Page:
The sports industry should drop deals with major polluters, such as car makers Toyota and BMW, over concerns that sustainability claims are at odds with emissions, campaigners have said.
Team GB Olympic gold medallist Etienne Stott joined experts and researchers to condemn sponsorship deals with global car brands that pollute the environment, and compared them with earlier tobacco advertising campaigns.
Researchers said major car makers like Toyota and BMW are spending £3.6 billion on sport sponsorship deals as a way to improve their image on sustainability despite them lobbying governments to delay climate policy.
The report by the New Weather Institute and the Badvertising campaign, published on Wednesday, cites sponsorship deals like BMW becoming the sustainability partner of Real Madrid Football Club and Toyota providing “sustainable mobility solutions” for the Giro d’Italia cycling race.
The researchers said the two companies sold more than 12.5 million internal combustion engine cars in 2021, which will emit an estimated 855 million tonnes of C02 – the equivalent of 230 coal-fired power plants running for a year.
Toyota is continuing to invest in internal combustion engine vehicles with plans to sell 110 million that will emit an estimated 7.4 billion tones of CO2 over their lifetimes.
The report found that Toyota and BMW have also pushed against climate policy and tighter environmental regulations despite claims of leadership in sustainability.
It said both companies are vocal critics of national efforts to introduce mandatory phase-out dates for internal combustion engine vehicles, including refusing to sign a pledge at Cop26 to phase out the vehicles by 2040 as well as BMW lobbying the Government to allow hybrid vehicle sales to continue up to 2035 and opposing the phase-out of internal combustion engine motorcycles.
Ms Stott said: “The future for health and quality of life in our towns and cities is a big shift to active travel, walking and cycling, and cleaner, more efficient public transport.
“So it’s bizarre to see private car makers parked all over sport.
“We know why polluting companies sponsor sports people, clubs and competitions: like the cigarette companies before them, they want to benefit by association with images of active, young, healthy athletes and the emotional commitment of fans. For the sake of everyone involved, it’s time for sport to use its power to say ‘no’.”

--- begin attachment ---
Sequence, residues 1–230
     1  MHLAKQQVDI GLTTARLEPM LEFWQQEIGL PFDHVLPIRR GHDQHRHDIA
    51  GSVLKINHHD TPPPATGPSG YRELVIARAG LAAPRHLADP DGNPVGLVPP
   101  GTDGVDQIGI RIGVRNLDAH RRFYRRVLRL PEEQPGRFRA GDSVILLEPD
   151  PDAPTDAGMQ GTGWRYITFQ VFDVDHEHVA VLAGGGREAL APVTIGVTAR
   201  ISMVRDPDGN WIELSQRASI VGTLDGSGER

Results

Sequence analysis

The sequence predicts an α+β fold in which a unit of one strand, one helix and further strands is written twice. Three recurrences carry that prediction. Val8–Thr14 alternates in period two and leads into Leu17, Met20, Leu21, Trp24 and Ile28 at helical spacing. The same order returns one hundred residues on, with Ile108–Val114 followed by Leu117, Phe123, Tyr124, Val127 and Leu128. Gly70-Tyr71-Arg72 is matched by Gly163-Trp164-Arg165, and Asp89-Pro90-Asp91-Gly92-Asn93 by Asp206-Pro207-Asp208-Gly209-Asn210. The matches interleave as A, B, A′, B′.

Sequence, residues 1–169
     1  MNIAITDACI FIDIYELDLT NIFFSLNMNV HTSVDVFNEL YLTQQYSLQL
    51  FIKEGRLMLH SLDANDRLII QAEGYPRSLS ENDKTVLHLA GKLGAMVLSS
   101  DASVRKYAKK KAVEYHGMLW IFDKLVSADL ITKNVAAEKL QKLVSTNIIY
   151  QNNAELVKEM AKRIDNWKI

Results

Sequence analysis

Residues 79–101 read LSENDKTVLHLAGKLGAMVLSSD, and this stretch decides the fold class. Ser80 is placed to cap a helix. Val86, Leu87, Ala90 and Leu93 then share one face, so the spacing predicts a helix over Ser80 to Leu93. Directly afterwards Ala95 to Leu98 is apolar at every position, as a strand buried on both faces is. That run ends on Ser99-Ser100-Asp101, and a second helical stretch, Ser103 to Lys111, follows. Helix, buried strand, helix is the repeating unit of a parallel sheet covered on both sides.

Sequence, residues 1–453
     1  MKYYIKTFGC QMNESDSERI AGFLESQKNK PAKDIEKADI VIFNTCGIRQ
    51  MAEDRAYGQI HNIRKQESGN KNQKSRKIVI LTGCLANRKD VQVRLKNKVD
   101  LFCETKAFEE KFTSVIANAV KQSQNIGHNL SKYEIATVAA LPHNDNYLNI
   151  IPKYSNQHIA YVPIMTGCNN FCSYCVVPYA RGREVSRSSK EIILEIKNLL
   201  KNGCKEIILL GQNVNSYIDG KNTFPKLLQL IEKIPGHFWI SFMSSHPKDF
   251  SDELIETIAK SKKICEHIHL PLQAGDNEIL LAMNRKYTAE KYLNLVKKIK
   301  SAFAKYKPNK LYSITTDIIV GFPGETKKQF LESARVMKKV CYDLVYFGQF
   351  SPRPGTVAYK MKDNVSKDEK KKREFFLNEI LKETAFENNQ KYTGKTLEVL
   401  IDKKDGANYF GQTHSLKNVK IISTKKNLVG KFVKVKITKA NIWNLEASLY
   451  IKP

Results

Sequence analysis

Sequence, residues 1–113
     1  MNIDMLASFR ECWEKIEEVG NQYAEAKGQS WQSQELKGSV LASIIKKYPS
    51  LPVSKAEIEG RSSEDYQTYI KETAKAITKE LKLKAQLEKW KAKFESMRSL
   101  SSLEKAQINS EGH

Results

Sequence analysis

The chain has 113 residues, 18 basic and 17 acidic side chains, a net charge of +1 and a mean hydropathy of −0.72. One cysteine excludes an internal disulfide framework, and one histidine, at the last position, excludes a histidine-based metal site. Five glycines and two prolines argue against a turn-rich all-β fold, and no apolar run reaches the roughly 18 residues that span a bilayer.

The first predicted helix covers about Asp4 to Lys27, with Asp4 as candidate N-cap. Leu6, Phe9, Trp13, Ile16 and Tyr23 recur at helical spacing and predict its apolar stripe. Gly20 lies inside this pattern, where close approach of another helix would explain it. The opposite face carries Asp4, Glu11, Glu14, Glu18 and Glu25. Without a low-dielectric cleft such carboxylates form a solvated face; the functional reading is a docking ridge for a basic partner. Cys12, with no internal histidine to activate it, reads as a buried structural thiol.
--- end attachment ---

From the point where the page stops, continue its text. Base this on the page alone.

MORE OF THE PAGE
Andrew Simms, co-director of the New Weather Institute and co-author of the report, added: “Sport was the pitch where the public health struggle to end tobacco advertising was most fiercely fought, but today sport has a bigger smoking problem carrying sponsorship and ads from major climate polluters.
“Air pollution alone from burning fossils kills around the same number of people as tobacco products, before you even begin to count the impact of global heating.
“Through their sponsorship, Toyota and BMW continue to pollute our atmosphere, public debate and the world of sport – all while claiming that they are part of the solution.
“If sport continues to allow itself to be used as a billboard for major polluters it will not only be digging its own grave, but those of its athletes and fans. Partnering with companies that are disproportionately responsible for global heating is a bad look.”
Concerns around high-carbon companies sponsoring sport has been growing in recent years with a number of international tournaments ending ties with high-carbon sponsors on climate grounds, including Tennis Australia scrapping its partnership with oil and gas giant Santos after a grassroots campaign last year.
A spokesperson for BMW said: “Sustainability is a fundamental part of the BMW Group’s corporate strategy.
“The company is committed to the goal of climate neutrality by 2050 at the latest and is following a scientifically validated and transparent path along the entire value chain.
“The BMW Group was the first German car manufacturer to join the “Business Ambition for 1.5°C” and is a member of the UN Race to Zero programme. By 2030, at least 50 per cent of the BMW Group’s global sales volume is to be achieved with fully electric vehicles.
“Currently, the company is taking concrete measures to reduce the lifecycle carbon footprint of its products by 40 per cent by 2030 compared to 2019 levels.”
The PA news agency has contacted Toyota for comment.